Your Brain at Work : Strategies for Overcoming Distraction, Regaining Focus, and Working Smarter All Day Long Hardback
by David Rock
Meet Emily and Paul: The parents of two young children, Emily is the newly promoted VP of Marketing at a large corporation while Paul works from home or from clients' offices as an independent IT consultant.
Their lives, like all of ours, are filled with a bewildering blizzard of emails, phone calls, meetings, projects, proposals, and plans.
Just staying ahead of the storm has become a seemingly insurmountable task.
We travel inside their brains as they attempt to sort vast quantities of information, prioritize it, memorize it, and act on it.
Fortunately for Emily and Paul, they're in good hands: David Rock knows how the brain works-and more specifically, how it works in a work setting.
He shows how it's possible for Emily and Paul, and thus the reader, not only to survive in today's overwhelming work environment but succeed in it - and still feel energized and accomplished at the end of the day. "The Brain at Work" explores such issues as: why our brains feel so taxed, and how to maximize our mental resources; why changing behavior is so difficult - and how to make it less so; why focusing on problems doesn't seem to create the desired change; how concentration and focus change the brain, and how to maintain energy and productivity at work; why providing critical feedback is so difficult, and how to make it easier; how corporate/office culture is formed and can most effectively be altered.
- Format: Hardback
- Pages: 304 pages
- Publisher: HarperCollins Publishers Inc
- Publication Date: 01/11/2009
- Category: Advice on careers & achieving success
- ISBN: 9780061771293
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- eAudiobook MP3 from £18.89
Showing 1 - 2 of 2 reviews.
Review by motjebben
David Rock has written an entertaining book with immediately practical application for one's working and non-working relationships. He has synthesized much of the latest neuroscience, applying it, in particular and in a heretofore unique way to improving one's use of one's brain/mind, in working situations. That the eminent neuroscientist and mightsight expert, Daniel J. Siegel, M.D., wrote the Forward for the book is further testimony to the quality of David Rock's synthesis and application of the concepts.Mindfulness is a key concept of the book - using one's "director" to observe one's mental processes and that the neuroscience explains how this works to improve ones mental functioning while at work.I was, at first, concerned when I read that David Rock had structured the book like a "play" with"acts", thinking that such a construct would only distract and/or add "filler" to the concepts. However, I found that after reading only a few pages, I immediately liked his use of the play, because he did this so well. Furthermore, as David Rock points out (and I believe Daniel Siegel would agree) the brain "likes" stories, which help integration in the mind/brain.
Review by MicheleKingery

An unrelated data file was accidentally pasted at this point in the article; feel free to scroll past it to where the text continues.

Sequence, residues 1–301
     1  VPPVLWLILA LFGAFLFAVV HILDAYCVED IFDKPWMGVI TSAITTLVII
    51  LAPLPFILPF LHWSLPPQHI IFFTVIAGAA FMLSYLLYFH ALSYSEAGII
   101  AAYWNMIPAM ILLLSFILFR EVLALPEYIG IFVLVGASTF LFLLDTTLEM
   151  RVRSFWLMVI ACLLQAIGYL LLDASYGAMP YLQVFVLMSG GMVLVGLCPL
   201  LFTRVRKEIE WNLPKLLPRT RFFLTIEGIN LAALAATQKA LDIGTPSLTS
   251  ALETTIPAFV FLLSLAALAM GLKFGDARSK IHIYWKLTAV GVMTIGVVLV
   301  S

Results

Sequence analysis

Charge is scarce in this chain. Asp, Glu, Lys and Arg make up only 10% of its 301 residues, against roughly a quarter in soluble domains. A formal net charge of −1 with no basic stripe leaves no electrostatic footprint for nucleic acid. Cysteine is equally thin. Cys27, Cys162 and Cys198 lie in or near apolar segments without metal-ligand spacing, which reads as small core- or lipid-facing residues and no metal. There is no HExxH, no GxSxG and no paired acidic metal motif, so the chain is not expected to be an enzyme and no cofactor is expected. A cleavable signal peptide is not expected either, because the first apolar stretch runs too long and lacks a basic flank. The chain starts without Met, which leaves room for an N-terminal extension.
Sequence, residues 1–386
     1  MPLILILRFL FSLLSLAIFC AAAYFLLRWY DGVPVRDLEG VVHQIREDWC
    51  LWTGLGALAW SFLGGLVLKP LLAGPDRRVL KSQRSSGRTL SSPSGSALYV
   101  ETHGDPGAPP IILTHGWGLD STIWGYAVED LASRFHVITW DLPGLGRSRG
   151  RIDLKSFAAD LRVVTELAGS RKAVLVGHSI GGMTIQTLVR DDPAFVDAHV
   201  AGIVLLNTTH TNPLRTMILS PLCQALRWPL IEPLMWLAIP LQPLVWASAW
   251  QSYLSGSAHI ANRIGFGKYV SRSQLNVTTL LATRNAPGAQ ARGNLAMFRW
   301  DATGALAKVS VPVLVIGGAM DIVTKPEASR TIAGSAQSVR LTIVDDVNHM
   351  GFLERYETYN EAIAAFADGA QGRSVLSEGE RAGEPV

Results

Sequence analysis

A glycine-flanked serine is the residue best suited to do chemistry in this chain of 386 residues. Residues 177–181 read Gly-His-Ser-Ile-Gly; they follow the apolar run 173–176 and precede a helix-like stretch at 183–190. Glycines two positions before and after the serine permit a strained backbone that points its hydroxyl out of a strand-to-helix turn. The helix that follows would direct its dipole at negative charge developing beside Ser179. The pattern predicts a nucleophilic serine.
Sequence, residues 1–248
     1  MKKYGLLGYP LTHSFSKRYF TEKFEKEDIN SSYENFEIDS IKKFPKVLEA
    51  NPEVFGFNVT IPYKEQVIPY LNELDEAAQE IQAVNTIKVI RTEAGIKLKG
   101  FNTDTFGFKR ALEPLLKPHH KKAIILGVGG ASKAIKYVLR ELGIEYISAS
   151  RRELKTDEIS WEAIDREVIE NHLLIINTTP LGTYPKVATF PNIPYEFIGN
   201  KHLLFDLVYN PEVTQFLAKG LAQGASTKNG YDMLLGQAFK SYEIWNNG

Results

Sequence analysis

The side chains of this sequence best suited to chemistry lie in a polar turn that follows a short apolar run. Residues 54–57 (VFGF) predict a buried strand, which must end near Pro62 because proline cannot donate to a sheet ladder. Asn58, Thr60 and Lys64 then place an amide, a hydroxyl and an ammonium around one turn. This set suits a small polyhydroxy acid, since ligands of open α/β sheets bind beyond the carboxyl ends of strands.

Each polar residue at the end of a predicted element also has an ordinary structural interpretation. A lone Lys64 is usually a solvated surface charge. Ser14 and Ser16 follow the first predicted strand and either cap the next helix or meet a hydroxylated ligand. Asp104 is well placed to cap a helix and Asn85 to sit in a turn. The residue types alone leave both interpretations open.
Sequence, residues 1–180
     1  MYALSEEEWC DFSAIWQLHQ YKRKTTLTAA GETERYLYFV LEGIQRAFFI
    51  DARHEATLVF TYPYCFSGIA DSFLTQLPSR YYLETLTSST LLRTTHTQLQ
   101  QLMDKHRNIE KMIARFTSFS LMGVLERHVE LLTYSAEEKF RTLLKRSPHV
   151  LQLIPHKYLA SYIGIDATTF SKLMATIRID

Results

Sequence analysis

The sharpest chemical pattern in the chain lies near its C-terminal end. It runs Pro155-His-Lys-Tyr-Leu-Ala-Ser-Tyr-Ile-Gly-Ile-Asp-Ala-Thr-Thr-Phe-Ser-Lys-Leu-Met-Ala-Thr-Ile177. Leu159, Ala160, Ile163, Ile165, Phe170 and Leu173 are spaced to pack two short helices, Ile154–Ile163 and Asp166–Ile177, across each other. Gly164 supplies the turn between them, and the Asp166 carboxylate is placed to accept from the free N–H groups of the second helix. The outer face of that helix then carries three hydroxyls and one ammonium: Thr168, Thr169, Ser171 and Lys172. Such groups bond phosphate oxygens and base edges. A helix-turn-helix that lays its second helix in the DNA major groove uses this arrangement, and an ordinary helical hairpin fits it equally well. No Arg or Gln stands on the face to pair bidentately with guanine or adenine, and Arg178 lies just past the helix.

What good is knowledge if you can't do anything with it? Statements like we only use ten percent of our brain capacity are frustrating because they don't offer a solution for accessing the other ninety percent. Basically, what they amount to is like hearing: your brain function is roughly equivalent to that of the Geico caveman. You might as well make peace with the stultifying universe of mediocrity and ennui you're doomed to inhabit.Then along comes a book like David Rock's Your Brain at Work and the neurons start firing all over the place. The synapses start connecting so rapidly that my shriveled cerebrum can hardly keep pace. Answers, at long last! It's like a Christmas miracle. All over again.In clear, concise language Rock explains the physiology behind our lack of focus, constant frustration and befuddlement at missed cues, lost opportunities and the sense of feeling overwhelmed. Or as an old lady shuffling down the soup aisle in my local grocery store called it, "a brain fart". Couldn't have said it better myself.And yet. Rock offers hope in the form of lucid metaphors that expose our "stinkin thinkin" for what it really is. His central premise is that all the brain's a stage and all the thoughts merely players. It's up to us to get the most important players on stage at any given time. And keep the least helpful players off or on for the shortest amount of time. Once the brain latches onto an unhelpful thought, it quickly spirals down into more unhelpful thoughts until we're caught in a quagmire of our own making. Rock offers a plethora of friendly suggestions:...become aware of your own mental energy needs and schedule accordingly. Experiment with different timings. One technique is to break work up into blocks of time based on type of brain use, rather than topic. (p. 15)When you sense a strong emotion coming on, refocus...quickly...before the emotion takes over. (p. 118).Playing against yourself to improve your understanding of your own brain can be a powerful way of increasing your performance (p. 200)Chapters are structured with dual scenarios; what happens when you're on autopilot (translation: using the same old ten percent) vs what happens when you understand how the brain works and capitalize on that. Each chapter ends with (a summary) "Surprises About the Brain" and "Some Things to Try".I've been trying them. Rock's strategies work. With continued practice the other ninety percent of my brain might kick in more frequently, increasing my chances of completing all those unfinished projects. Hold on world, here I come.